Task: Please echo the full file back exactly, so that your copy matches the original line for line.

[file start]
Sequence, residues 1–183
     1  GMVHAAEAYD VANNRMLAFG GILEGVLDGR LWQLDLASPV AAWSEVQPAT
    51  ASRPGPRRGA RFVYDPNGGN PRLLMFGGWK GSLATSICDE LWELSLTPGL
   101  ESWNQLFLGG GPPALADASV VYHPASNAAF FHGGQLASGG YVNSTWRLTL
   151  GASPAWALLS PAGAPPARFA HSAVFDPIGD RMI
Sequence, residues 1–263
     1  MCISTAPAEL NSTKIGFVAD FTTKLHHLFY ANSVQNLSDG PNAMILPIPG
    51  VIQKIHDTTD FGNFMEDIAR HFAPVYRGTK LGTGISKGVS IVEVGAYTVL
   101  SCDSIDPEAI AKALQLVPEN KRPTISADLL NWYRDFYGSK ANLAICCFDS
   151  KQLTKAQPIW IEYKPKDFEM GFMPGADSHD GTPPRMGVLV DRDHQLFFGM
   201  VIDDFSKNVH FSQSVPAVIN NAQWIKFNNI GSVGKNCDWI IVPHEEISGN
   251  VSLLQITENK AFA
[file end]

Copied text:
Sequence, residues 1–183
     1  GMVHAAEAYD VANNRMLAFG GILEGVLDGR LWQLDLASPV AAWSEVQPAT
    51  ASRPGPRRGA RFVYDPNGGN PRLLMFGGWK GSLATSICDE LWELSLTPGL
   101  ESWNQLFLGG GPPALADASV VYHPASNAAF FHGGQLASGG YVNSTWRLTL
   151  GASPAWALLS PAGAPPARFA HSAVFDPIGD RMI
Sequence, residues 1–263
     1  MCISTAPAEL NSTKIGFVAD FTTKLHHLFY ANSVQNLSDG PNAMILPIPG
    51  VIQKIHDTTD FGNFMEDIAR HFAPVYRGTK LGTGISKGVS IVEVGAYTVL
   101  SCDSIDPEAI AKALQLVPEN KRPTISADLL NWYRDFYGSK ANLAICCFDS
   151  KQLTKAQPIW IEYKPKDFEM GFMPGADSHD GTPPRMGVLV DRDHQLFFGM
   201  VIDDFSKNVH FSQSVPAVIN NAQWIKFNNI GSVGKNCDWI IVPHEEISGN
   251  VSLLQITENK AFA